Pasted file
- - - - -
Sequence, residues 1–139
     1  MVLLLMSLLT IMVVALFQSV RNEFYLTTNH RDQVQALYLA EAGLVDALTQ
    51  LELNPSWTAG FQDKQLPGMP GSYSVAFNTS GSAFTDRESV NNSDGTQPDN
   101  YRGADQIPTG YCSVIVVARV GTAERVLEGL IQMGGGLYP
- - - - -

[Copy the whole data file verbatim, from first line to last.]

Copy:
Sequence, residues 1–139
     1  MVLLLMSLLT IMVVALFQSV RNEFYLTTNH RDQVQALYLA EAGLVDALTQ
    51  LELNPSWTAG FQDKQLPGMP GSYSVAFNTS GSAFTDRESV NNSDGTQPDN
   101  YRGADQIPTG YCSVIVVARV GTAERVLEGL IQMGGGLYP